There are stories written in the skin of my arms: stories of my sisters who taught me so much; stories of my mother, who was patient when I wanted to help and tenderly faithful when I was hurt; stories of weeks spent in the comfortable near silences of practiced understanding with my daddy; stories of fighting my battles alone, of losing and being lost, until the day I was found and I learned to surrender – not to the battles, but to the One who conquers all.

Storm Moments


These are moments

I wouldn’t trade for a world

Moments of coming home

A step ahead of the storm

Moments of running out to greet it

Moments of dancing

On mud

On grass

On raindrops

On wind

And he comes running too

And spins me through the wild dark of storm

And kisses me under the cold fall of sky

Not because he loves it like me

But because he loves me.

A Rained World


Today I wander out

into the rained world

Looking for what?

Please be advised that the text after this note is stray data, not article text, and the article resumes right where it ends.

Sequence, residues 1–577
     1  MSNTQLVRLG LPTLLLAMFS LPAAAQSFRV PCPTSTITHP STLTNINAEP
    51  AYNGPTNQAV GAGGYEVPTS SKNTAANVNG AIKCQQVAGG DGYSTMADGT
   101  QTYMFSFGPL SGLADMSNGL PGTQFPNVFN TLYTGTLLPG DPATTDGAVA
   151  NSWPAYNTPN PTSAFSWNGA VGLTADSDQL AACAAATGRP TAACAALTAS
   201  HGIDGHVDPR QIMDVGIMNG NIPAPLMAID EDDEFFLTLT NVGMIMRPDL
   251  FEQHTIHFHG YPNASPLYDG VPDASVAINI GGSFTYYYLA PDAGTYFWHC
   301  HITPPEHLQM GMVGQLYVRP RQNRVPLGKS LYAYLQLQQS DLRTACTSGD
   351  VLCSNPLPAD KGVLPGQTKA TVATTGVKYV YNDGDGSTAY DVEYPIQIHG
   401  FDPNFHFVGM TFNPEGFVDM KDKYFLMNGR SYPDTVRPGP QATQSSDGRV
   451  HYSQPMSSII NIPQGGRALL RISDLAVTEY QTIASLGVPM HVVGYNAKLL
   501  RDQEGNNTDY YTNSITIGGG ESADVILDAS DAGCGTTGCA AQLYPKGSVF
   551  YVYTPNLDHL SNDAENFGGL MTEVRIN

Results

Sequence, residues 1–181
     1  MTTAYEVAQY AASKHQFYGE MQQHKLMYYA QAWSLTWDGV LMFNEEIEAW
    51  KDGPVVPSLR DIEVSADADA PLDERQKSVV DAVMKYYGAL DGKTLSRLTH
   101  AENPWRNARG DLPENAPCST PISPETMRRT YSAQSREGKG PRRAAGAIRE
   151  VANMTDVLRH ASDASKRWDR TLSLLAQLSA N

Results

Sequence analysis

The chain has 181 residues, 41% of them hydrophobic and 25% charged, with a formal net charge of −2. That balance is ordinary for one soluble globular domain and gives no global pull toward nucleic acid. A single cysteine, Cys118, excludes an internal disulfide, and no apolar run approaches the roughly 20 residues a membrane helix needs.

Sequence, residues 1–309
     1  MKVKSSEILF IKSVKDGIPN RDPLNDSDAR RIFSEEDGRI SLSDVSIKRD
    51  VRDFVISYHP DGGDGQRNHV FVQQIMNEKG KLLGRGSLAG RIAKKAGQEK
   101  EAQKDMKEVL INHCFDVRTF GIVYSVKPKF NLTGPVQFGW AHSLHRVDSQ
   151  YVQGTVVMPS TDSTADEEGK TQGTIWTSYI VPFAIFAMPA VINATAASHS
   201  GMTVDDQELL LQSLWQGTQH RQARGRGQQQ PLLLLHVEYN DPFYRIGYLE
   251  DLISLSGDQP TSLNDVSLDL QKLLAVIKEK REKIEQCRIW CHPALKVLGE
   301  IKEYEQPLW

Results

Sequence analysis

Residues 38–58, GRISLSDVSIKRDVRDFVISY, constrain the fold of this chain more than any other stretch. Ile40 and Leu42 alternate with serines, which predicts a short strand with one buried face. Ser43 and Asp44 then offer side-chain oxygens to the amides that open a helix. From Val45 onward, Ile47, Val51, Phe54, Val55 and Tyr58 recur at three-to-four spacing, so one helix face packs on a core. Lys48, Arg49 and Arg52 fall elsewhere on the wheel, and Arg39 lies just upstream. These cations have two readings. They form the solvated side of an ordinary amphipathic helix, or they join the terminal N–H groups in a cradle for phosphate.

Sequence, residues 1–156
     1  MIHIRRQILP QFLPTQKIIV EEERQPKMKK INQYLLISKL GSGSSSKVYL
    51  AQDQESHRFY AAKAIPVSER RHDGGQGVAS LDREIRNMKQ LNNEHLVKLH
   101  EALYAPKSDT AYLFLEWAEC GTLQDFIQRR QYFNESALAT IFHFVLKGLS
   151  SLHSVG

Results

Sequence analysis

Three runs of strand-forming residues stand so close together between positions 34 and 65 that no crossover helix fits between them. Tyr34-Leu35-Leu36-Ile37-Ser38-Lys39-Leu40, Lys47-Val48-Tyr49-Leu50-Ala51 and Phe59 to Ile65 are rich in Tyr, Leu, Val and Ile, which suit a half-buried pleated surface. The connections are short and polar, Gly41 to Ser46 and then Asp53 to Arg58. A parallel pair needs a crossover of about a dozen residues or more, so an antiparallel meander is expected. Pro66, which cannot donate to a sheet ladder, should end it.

I don’t know

But I am looking.

The colors are different

in a rained world

All shades of green

Orange deepening into brown

Gray and black and white and gray.

There is so much water

Little rivers

Small lakes

Tiny waterfalls

I come from a dryer land than this.

My spring daffodils hide their faces

Raindrops fell fiercely here

I lift one

Mud on its petals

Grime on satin

Still beautiful.

I walk a rain-sticky road

and stop to look at the other worlds

reflected in water pools

If I jumped

would I fall through?

A strange-shaped stump

Like the throne of some woodland elf-king

calls me from my safe lane.

Grass is tall under the trees

Thick with last year’s leaves

My hem turns cold against my ankles.

Back in the warmth of my house

My eyes are dark

My fingers, stiff

But I think I have found

what I was looking for.

A creation always reflects its creator

In rainwater I see His reflection

more clearly.

How Came You Here?


But why are you here?

Glowing in the town-lit darkness

far from your green-growing sisters.

Were you

a grubby, child-fisted gift?

But who would drop that?

Perhaps you were

a token of unwanted love

cast away.

Or maybe

one among many

discarded for your imperfections.

Or maybe

a young girl plucked you

held you

petals brushed against her cheek

yellow fastened in her hair

til distraction tossed you aside.

I don’t know

why you were left

in a Starbucks parking lot.

But for me

you are unexpected

and bruised

and beautiful.